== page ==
Guest post by Rob Feinstein, a widely-respected Product Management Executive. 

My first job out of college was as a newspaper reporter. It's the sort of career choice that intrigues people, so I'd often get asked: How can I get started as a writer?

My stock answer was simple: start writing.

I give the same advice to anyone interested in getting into product management: just start.

Here are five ways to start acting like a product manager, even before you make it your job title.

 

1. Think about your favorite product, and how you would improve it.

Consider consumer products you use in everyday life, because you have a keen sense of the user experience and why it’s worth your time. Great products still must improve. Complete the sentence that starts, "Wouldn't it be great if it could also ...?".

2. Get used to finding pain.

Great products take away pain. So next time you hear a user request a new feature, do your best to understand what's the pain that's causing them to think of it. Users are way better at articulating their pain than identifying a solution.

3. Cozy up to data.

Former Netscape Communications CEO Jim Barksdale once said, “If we have data, let’s look at data. If all we have are opinions, let’s go with mine.” It's critical to learn to use numbers to make a business argument. Whether you’re a small business or Fortune 100 corporation, big data is readily available to you.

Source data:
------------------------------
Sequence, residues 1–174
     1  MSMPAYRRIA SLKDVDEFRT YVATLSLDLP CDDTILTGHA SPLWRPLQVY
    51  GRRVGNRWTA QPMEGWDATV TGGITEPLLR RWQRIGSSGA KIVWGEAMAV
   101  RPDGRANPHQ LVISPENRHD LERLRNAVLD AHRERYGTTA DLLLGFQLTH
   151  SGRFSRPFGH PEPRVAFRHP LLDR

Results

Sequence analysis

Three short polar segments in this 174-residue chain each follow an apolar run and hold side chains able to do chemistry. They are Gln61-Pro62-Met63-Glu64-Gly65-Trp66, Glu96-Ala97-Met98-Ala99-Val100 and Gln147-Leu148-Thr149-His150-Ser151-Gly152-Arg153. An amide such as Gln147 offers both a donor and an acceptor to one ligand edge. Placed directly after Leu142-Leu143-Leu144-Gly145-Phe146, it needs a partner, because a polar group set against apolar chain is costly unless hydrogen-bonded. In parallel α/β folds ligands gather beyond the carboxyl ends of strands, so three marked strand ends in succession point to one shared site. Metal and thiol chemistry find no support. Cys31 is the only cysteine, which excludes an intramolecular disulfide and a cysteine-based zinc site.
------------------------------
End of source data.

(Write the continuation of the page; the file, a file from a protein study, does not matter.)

Pick a business problem, gather data, and start analyzing the numbers. You don't need to be the world's greatest Excel whiz to get started. Simple math - like ratios or trends over time - will give you insights.

4. Attend standups.

These 'standups' involving the Product, Development, and Engineering teams are quick, probably no longer than 10 minutes, and cover what everyone is working on. Product people use them to make prioritization decisions or clarify requirements. Ask a product manager if you can join them at the next one.

5. Volunteer.

All of the above should give you some terrific ideas for a project your company should pursue. Be proactive.

  • Find a problem you feel like you can solve -- whether that’s at your company, in an organization you volunteer with.

  • Create a plan to fix the problem, then present it to your manager. Good product managers look at the details and use them to find solutions.

When you do any of the above ideas, you'll get a very practical idea of life as a product manager. It's a mix of left-brain logic and right-brain creativity. It calls on all the persuasiveness of your communications skills - written and verbal. You decide what’s right for you: product management will either drive you nuts or be the best job you could imagine.

Interested in learning more about product management? Come join us this coming Wednesday at WeWork for Knowing Your Customer: Product Innovation.